Once you’ve charted your course, start thinking about how the places you will be visiting can play into your child’s learning for this year. Dial it back on the curriculum they’ve been doing at home and allow space to really dive into the area you are visiting. Design your own mini curriculum or search Pinterest for fun ideas. Another great resource for materials is teacherspayteachers.com, where you can find a myriad of activities, worksheets, and unit studies for thousands of topics.

After all, there are so many benefits children gain from traveling even if you don’t turn your trip it into a formal learning experience.

  1. It helps children develop new skills.
  2. It can teach children about other cultures and diversity.
  3. It can help children learn independence and self-reliance.
  4. It can help children appreciate the world around them.

So if the idea of enriching your child’s education through travel appeals to you but you don’t want to give up the stability and comfort of home, a hybrid worldschooling lifestyle may be exactly what you are looking for.

Conclusion: How to Get Started With Worldschooling

Worldschooling is a fantastic way to give your children a well-rounded education while spending quality time together as a family. Fundamentally, worldschooling turns your child into a global citizen.

However, while some school-aged children will adapt swiftly to this type of learning, others would rather be at home. Begin by taking time for smaller trips and observing the way your child reacts to traveling. Are they thriving in new environments, or only surviving? Do they ache to go on another trip as soon as you pull back in the driveway, or are they homesick by day two?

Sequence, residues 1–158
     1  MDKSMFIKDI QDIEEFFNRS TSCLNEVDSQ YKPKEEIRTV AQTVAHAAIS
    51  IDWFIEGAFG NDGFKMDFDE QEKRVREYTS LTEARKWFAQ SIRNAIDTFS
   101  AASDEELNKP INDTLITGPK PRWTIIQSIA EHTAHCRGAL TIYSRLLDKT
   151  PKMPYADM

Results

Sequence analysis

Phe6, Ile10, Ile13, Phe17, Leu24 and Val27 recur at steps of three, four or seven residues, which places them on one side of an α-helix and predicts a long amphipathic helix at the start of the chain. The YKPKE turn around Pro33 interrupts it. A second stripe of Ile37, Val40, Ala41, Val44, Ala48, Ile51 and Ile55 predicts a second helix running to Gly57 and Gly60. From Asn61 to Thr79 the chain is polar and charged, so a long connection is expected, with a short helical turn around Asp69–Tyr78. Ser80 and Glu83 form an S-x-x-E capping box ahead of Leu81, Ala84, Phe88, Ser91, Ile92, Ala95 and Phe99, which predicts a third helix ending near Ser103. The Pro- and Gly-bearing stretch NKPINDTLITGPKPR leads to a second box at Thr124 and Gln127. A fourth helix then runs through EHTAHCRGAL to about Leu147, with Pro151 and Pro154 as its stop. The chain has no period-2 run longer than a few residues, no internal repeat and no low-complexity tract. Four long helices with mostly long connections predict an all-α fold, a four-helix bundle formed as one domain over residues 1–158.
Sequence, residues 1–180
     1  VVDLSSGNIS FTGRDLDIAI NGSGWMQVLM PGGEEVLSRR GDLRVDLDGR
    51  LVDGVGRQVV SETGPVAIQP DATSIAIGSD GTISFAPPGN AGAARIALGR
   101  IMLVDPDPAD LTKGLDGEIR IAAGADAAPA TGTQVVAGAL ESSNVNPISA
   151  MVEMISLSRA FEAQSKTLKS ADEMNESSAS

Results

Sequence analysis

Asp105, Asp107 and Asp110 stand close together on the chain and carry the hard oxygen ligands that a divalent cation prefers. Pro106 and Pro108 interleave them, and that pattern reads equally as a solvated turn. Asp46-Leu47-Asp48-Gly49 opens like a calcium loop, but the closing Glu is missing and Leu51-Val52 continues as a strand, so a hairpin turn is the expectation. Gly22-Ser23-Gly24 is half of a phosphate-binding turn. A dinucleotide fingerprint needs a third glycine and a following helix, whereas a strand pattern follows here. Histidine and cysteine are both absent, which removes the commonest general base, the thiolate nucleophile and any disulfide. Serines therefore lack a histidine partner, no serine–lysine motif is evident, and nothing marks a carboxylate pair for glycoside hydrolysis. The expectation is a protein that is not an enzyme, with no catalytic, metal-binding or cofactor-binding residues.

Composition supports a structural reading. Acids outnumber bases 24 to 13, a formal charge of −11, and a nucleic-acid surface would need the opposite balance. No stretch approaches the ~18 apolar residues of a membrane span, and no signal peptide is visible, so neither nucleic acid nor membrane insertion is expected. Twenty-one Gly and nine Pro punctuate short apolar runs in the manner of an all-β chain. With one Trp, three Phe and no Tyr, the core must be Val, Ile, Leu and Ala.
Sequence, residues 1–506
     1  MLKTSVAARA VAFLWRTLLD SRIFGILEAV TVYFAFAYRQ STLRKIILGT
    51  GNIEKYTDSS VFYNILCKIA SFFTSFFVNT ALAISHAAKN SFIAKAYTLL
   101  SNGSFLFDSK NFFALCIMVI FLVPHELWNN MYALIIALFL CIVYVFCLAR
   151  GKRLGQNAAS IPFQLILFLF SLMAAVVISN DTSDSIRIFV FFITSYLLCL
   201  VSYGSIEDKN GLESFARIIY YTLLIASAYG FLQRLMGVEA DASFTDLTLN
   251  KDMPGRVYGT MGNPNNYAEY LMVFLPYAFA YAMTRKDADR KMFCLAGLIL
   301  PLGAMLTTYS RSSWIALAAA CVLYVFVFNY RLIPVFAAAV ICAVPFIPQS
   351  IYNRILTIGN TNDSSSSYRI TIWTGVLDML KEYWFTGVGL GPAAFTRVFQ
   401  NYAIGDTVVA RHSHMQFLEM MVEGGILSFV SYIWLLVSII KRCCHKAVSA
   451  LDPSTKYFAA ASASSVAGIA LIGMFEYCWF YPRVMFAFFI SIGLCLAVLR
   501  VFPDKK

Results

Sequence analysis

Getting a read on your family dynamics and goals is important so you can make sure you are on the same page and able to enjoy this journey together. Consider any sports your child is involved in and whether or not they can sit out for a season while you are away. What about family and friends? How long are you comfortable being away from home?

After answering these questions, you’ll have a better idea of what your worldschooling journey may look like and what you want to get out of it.

The next step is to figure out your budget and how much travel your career will allow for. What adjustments need to be made to accomodate your travel plans?

Finally, the fun part. Start looking at your bucket list, dreaming of life on the road, and figuring out where you want to go. Look on travel blogs, search for airline deals, and talk to friends. Once you’ve got some destinations in mind, research the area and figure out the main attractions you’d like to visit so you can start to map out your journey.

Remember, you don’t have to be a nomad to worldschool! You just have to travel with intention and a love of learning. The world is ready and waiting for you!


Is worldschooling legal?

Worldschooling is just another type of homeschooling — it’s perfectly legal as long as you follow the homeschooling laws of your state. All homeschooling laws are state specific. Your state may require standardized testing, while another state may simply require that you have written curricula.

Is worldschooling the same as deschooling?

Worldschooling can be seen in the same vein as deschooling or unschooling — teaching children outside of an established rubric. But worldschooling does not have to forego established curriculum if you don’t want it to; it’s simply a type of schooling that involves world travel.